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Please use this identifier to cite or link to this item: http://arks.princeton.edu/ark:/88435/dsp01d504rn77t
Title: Climatic Drivers of Diarrheal Disease in Thailand: The Role of Helminth Co-Infection
Authors: Sikavi, Daniel
Advisors: Graham, Andrea
Department: Ecology and Evolutionary Biology
Class Year: 2016
Abstract: Background: Diarrheal disease is the second leading cause of death in children under five worldwide and a major global contributor to disability. Climatic factors likely play a role in determining patterns of disease. However, there is considerable disagreement about the direction, strength, and nature of the relationships between climate and diarrheal disease. In addition, co-infection with helminths is likely in developing countries where diarrhea morbidity is high. Helminths modulate the host immune system, which may influence responses to other infections. However, the effect of helminth infection on susceptibility to diarrheal disease has not been evaluated. This study aimed to explore the impact of climatic variation in driving diarrheal disease in Thailand. The possible indirect effect of climate through helminth prevalence was concurrently assessed. Methods: Province-level variation in diarrhea morbidity in Thailand was evaluated. A strategy of multiple linear regression model selection was employed to identify the models that best explained spatial patterns of diarrheal disease. The prevalence of A. lumbricoides and T. trichiura, in conjunction with climatic indicators were evaluated as covariates. The interaction between climatic predictors and improved sanitation/water source was additionally assessed. Results: The lowest extreme maximum daily temperature in the year (EMXT min) and annual mean minimum temperature (MMNT mean) were significantly associated with higher and lower diarrhea morbidity, respectively. Improved water source was negatively associated with diarrheal disease across all models generated. A significant interaction was observed for improved water source and the number of days with maximum temperature equal to or greater than 90ºF. Helminth prevalence and precipitation measures were not associated with diarrhea morbidity. Conclusions: The multiple relationships between temperature and diarrheal disease may reflect the differential susceptibilities of diarrheal pathogens to climatic variation. Understanding these associations is increasingly important in the face of climate change. Improving water sources may mitigate the potentially negative effects of changing weather patterns. Interventions to improve hygiene infrastructure may additionally lower the incidence of all-cause diarrhea. This study also underscores the need for finer scale data in developing regions. Further investigation into the interaction between helminth infection and diarrheal disease is warranted, given the high prevalence of these co-endemic infections worldwide.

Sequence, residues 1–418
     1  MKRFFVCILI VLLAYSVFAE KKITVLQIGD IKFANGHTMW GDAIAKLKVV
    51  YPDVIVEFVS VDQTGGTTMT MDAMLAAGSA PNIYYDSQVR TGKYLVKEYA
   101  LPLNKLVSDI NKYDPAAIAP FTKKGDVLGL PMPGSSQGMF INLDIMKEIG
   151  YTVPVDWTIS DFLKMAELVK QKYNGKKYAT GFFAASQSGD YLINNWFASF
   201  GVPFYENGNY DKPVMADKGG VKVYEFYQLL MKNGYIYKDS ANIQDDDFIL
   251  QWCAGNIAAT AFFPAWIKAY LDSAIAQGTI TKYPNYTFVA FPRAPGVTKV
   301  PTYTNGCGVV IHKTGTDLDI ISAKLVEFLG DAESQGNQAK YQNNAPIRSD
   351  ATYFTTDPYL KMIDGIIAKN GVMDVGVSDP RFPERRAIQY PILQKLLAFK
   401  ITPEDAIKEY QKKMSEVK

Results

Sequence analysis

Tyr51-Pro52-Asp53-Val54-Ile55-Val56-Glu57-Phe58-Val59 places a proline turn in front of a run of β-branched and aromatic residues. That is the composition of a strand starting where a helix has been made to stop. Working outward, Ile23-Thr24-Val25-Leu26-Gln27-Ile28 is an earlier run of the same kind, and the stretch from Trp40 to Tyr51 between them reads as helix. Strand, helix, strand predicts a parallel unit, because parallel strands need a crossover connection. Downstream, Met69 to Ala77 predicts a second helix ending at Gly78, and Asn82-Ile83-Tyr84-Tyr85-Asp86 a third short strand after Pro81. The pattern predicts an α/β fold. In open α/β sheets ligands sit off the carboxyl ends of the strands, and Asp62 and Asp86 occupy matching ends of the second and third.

Extent: 126 pages
URI: http://arks.princeton.edu/ark:/88435/dsp01d504rn77t
Type of Material: Princeton University Senior Theses
Language: en_US
Appears in Collections:Ecology and Evolutionary Biology, 1992-2016

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